Views differ on whether individuals with a calling orientation toward work (i.e., seeing work as personally fulfilling and contributing to a better world) enjoy more favorable objective career outcomes, such as higher income and chance of promotion, versus those with a job orientation (i.e., seeing work as a means to a financial end). We suggest that the impasse is partially due to prior research’s exclusive focus on how work orientation affects one’s effort and subsequent job performance. Drawing on theories of signaling, cognitive biases, and reciprocity, we propose that calling-oriented employees enjoy better objective career outcomes than job-oriented employees via an external pathway: managers misperceive employees’ calling orientation as evidence of better performance and stronger organizational commitment. In Study 1—analyses of the Wisconsin Longitudinal Study—we find support for the main effect, and in Study 2—an online experiment—we constructively replicate this effect and find evidence for our predicted explanatory mechanisms. Furthermore, observing a calling-oriented employee prompts managers to perceive them more favorably in other domains, creating a halo effect. Our research sheds light on how individuals’ subjective view of the meaning of work influences their objective career success, highlighting workplace signals and managerial perceptions as important mechanisms.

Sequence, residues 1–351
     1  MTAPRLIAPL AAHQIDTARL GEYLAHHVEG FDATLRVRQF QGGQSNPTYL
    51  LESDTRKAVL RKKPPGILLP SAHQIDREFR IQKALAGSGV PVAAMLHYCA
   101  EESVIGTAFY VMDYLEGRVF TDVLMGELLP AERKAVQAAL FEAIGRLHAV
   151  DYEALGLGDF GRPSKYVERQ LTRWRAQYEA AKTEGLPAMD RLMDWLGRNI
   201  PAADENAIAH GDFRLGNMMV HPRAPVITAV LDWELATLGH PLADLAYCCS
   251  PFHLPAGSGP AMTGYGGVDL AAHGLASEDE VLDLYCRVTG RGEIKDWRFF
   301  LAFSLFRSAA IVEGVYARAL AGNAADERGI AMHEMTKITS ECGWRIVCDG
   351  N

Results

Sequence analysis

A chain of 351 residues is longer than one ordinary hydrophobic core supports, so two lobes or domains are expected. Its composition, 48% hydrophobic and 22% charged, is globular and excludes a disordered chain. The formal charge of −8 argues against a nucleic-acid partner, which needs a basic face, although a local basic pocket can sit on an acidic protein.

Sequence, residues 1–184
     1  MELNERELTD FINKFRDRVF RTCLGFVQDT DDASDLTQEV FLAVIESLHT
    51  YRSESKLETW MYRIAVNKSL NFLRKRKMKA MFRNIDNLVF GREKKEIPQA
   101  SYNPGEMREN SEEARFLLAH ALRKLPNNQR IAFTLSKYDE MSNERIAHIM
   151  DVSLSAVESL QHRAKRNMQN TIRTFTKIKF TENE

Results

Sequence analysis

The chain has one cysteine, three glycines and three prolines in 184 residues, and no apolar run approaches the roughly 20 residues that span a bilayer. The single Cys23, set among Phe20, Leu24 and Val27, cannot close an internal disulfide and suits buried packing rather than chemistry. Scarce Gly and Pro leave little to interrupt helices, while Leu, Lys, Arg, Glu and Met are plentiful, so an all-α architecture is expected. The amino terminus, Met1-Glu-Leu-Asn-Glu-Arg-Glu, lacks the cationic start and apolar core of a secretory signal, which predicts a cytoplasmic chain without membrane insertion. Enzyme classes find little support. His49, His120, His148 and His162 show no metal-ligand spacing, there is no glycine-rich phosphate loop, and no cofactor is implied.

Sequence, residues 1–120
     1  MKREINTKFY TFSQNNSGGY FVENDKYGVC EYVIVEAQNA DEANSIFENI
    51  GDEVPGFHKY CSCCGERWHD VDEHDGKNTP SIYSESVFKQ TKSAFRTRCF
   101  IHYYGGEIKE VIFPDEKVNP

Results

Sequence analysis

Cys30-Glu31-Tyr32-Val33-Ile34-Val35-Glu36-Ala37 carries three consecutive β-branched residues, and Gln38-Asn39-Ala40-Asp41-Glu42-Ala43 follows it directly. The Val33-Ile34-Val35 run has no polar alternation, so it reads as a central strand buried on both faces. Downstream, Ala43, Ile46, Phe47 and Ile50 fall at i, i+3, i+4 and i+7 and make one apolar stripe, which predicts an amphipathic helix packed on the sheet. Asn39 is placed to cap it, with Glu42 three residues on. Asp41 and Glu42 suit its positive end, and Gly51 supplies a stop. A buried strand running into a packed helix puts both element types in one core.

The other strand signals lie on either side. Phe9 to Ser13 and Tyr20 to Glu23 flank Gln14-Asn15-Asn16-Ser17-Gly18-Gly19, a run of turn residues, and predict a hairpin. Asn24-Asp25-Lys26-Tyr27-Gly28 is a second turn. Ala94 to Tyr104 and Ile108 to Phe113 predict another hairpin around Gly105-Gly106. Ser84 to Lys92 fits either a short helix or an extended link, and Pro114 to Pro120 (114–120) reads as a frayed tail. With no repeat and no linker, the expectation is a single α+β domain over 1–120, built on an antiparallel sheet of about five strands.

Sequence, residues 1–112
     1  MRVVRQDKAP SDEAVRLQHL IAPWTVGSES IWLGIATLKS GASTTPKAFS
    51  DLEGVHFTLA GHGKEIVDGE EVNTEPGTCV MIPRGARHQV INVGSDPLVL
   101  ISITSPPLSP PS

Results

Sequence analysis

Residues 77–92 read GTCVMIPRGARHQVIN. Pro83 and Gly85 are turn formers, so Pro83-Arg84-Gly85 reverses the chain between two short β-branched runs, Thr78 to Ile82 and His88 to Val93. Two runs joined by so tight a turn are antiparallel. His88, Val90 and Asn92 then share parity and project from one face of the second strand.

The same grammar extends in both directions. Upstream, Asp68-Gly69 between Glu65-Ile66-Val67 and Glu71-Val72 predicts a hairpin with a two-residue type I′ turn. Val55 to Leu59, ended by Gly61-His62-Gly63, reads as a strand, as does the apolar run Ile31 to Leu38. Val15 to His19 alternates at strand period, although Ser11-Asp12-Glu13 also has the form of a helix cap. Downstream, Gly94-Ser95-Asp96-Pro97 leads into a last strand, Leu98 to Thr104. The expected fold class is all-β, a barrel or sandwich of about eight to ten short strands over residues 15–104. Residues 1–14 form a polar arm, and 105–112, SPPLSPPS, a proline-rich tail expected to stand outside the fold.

“I have always been admiring the high impact level of research conducted by HKU Business School. The colleagues here are also very friendly. Soon after I have come to Hong Kong, the MBA director Dr. Cheng had even helped me with apartment hunting!”
Formerly a senior consultant at Oliver Wyman, Dr. Cho later realised that her true passion lies in knowledge creation. After finishing her PhD studies in Yale, our young Korean scholar officially joined us in June 2021 as an Assistant Professor in Management and Strategy.